But why is the iPad 3 so badly off in its estimate? Soneira thinks, "There is something wrong with the battery charge mathematical model on the iPad. It should not say 100% until it stops recharging and goes from the full recharging rate of about 10 watts to a trickle charging rate of about 1 watt. Otherwise the user will not get the maximum running time that the iPad is capable of delivering."

That full battery charge, according to Soneira's benchmarks, is impressive. At the middle brightness setting the iPad 3 can run as long as 11.5-hours. Since the new iPad has "4 times as many pixels in the display that need to be kept powered [over the iPad 2 and} 4 times as much memory and processing power is needed for the images. In addition, the light transmission of the LCD decreases as the pixel density increases, so a brighter Backlight is necessary. In fact, the number of Backlight LEDs has roughly doubled (from 36 to an estimated 72 to 82), so the Backlight power has approximately doubled. Since the display normally consumes about 50-60 percent of the total Tablet power, the new iPad needs at least a 50 percent larger battery. In fact, the battery increased from 25 to 42.5 watt hours, a 70 percent increase."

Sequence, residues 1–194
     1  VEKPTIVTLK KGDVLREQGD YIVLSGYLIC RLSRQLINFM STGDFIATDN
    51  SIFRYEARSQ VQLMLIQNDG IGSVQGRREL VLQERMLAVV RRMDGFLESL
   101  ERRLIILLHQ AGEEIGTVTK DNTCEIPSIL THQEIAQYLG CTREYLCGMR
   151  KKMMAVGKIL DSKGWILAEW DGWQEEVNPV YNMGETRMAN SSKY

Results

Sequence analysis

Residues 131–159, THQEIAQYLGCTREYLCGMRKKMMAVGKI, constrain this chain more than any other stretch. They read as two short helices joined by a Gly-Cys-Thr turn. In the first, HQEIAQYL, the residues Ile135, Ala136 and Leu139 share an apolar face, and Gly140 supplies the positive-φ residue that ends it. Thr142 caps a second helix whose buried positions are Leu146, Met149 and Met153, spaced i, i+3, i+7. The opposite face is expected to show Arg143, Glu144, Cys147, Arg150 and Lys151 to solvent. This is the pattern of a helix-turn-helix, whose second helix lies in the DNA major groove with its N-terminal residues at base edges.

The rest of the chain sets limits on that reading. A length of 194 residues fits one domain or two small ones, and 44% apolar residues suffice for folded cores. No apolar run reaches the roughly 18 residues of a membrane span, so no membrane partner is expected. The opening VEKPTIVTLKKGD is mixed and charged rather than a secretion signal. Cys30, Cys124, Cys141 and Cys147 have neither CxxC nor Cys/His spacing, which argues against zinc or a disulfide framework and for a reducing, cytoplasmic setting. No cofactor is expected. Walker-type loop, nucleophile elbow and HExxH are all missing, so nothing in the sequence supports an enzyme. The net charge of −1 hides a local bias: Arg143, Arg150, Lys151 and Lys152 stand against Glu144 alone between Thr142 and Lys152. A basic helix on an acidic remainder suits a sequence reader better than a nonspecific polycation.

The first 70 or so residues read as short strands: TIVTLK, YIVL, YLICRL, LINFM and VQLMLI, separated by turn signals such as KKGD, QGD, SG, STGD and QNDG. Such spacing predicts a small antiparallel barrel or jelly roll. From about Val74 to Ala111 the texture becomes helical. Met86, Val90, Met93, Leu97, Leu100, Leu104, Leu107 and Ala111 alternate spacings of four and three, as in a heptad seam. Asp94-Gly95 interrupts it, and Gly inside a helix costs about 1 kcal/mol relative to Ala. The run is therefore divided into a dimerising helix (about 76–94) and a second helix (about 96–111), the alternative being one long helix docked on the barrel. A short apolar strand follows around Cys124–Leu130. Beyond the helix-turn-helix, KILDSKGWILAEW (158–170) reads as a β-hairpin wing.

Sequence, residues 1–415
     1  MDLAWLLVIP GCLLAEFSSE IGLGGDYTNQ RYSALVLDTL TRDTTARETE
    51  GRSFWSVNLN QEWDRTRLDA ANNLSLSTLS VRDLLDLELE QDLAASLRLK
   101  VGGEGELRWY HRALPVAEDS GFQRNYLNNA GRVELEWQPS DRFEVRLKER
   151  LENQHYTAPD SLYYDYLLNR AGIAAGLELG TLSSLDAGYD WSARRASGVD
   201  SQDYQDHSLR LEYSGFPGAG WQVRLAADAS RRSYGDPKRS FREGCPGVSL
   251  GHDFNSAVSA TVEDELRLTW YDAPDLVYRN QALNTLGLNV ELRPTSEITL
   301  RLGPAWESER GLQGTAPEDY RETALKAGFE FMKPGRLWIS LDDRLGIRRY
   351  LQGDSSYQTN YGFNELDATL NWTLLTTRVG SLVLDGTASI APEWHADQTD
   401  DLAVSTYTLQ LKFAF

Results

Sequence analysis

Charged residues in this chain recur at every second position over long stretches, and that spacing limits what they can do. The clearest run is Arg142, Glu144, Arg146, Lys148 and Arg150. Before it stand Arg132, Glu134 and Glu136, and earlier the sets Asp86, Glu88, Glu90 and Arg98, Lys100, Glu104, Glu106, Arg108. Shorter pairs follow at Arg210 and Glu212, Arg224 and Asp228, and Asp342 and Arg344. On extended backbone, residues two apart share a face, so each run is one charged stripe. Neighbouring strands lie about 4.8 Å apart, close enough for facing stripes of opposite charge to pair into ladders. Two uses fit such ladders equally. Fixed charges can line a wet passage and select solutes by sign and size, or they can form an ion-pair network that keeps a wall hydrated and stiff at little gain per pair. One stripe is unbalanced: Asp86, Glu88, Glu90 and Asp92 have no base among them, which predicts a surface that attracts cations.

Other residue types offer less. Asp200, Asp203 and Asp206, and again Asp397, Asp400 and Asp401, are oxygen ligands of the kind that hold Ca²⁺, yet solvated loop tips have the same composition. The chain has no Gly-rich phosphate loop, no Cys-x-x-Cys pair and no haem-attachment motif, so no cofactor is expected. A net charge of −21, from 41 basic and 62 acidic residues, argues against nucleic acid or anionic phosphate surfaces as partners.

The iPad 3 s battery life is remarkablly good.

The iPad 3's battery life is remarkably good.

Somehow, Apple has managed to significantly increase the iPad 2's power density of its Lithium-Ion batteries. In that the key may lie as to why its battery charger is giving incorrect information. Its battery charge mathematical model, and/or the algorithms used to come up with the recharge numbers may simply not have caught up with the iPad's new battery technology.

Or, Apple may have just been "fibbing" about the recharge time. When it comes to battery-issues, most companies share the truth about how long a battery will actually be useful and how long it takes to recharge them. And, last but never least, how people use their battery-powered devices vary wildly and largely determines what really happens with their useful life.